Livia Marasso: It's difficult to say but I think that Nothing to declare was the sculpture that most emotionally involved me; it was created during the outbreak of the war in Ukraine, and was inspired by an old typewriter that belonged to my father; a precious object that I reworked in my own way, entrusting it with a message of peace that seemed to me to be the only one possible at that moment. It is part of a series of sculptures entitled Common things that reproduce with my style everyday’s objects through a new interpretation, a new artistic message.

Silvia Granata: Talk of love #3 from Ants Marching Series. Porcelain and recycled antique wood frame.

Livia Marasso: Nothing to Declare, 2023. Porcelain

Where does your inspiration come from?

Silvia Granata: My works are always very personal and tell about life and relationships. At present I am working on the fading of memories and the fragility deriving from that.
Livia Marasso: The technique I use originates from my love for fabrics and threads; I love to treat porcelain like a fabric, reducing it into thin threads to be intertwined and superimposed, creating sculptures and objects with fluid and moving shapes.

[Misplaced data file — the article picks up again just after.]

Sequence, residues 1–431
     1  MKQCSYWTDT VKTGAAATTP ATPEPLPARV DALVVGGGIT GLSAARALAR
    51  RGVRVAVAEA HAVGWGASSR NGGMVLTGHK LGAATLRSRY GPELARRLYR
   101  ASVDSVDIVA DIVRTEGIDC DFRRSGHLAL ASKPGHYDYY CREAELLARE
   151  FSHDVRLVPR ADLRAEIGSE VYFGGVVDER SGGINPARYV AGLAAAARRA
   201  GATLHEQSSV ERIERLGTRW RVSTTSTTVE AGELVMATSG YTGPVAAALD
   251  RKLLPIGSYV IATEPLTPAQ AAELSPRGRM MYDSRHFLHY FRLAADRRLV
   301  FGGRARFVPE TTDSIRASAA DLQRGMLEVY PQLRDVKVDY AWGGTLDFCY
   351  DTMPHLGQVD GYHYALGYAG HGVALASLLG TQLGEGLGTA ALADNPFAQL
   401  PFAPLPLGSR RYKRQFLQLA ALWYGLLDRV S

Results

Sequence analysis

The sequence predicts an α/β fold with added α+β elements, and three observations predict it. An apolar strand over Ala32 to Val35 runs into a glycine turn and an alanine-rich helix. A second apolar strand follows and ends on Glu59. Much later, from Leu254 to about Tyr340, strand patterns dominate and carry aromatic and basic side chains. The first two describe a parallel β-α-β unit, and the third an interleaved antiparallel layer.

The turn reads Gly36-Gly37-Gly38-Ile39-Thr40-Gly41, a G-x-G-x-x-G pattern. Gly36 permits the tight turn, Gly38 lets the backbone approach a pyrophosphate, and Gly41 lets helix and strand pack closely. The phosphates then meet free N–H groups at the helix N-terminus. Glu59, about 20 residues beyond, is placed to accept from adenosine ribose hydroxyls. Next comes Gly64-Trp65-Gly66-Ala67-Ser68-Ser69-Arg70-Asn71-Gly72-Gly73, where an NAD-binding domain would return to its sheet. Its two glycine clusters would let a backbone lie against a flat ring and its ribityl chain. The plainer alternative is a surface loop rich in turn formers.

The surrounding world is my source of inspiration; some collections are inspired by nature and its bizarre expressions. Others are a clear tribute to our everyday life, in which the intertwining of porcelain gives shape to a teapot or becomes the structure of an old telephone but also a symbol of memories and infinite connections that are born, die, come back, wrap around themselves, becoming the warp of human relationships that often do not follow a straight line. Nothing is static: porcelain becomes thread, thread becomes object or fabric, fabric sometimes becomes light; each work is the product of the union between the gaze, the material and the heat of the kiln in which it take shape.

Silvia Granata: Working process

Livia Marasso: Working process.

How do your clients perceive your work? Do you have in mind who or how it will be used?

Silvia Granata: I am often amazed at how people see my work. I like it when they see exactly what I wanted to tell them, but also when they see something different and feel emotions that are not the same as the ones I wanted to convey. I am happy that they can be interpreted in a completely personal way by those who look at them or choose them.
Livia Marasso: Usually, people who see my work for the first time are surprised by how I use porcelain; many cannot understand what material they are made of; many of my sculptures bring back memories of a past world and they fall in love with it.
The Home Decor collections also include everyday objects (vases and cachepots) whose soft and flowing shapes are appreciated.

How do you feel about having to put a price tag on your creations?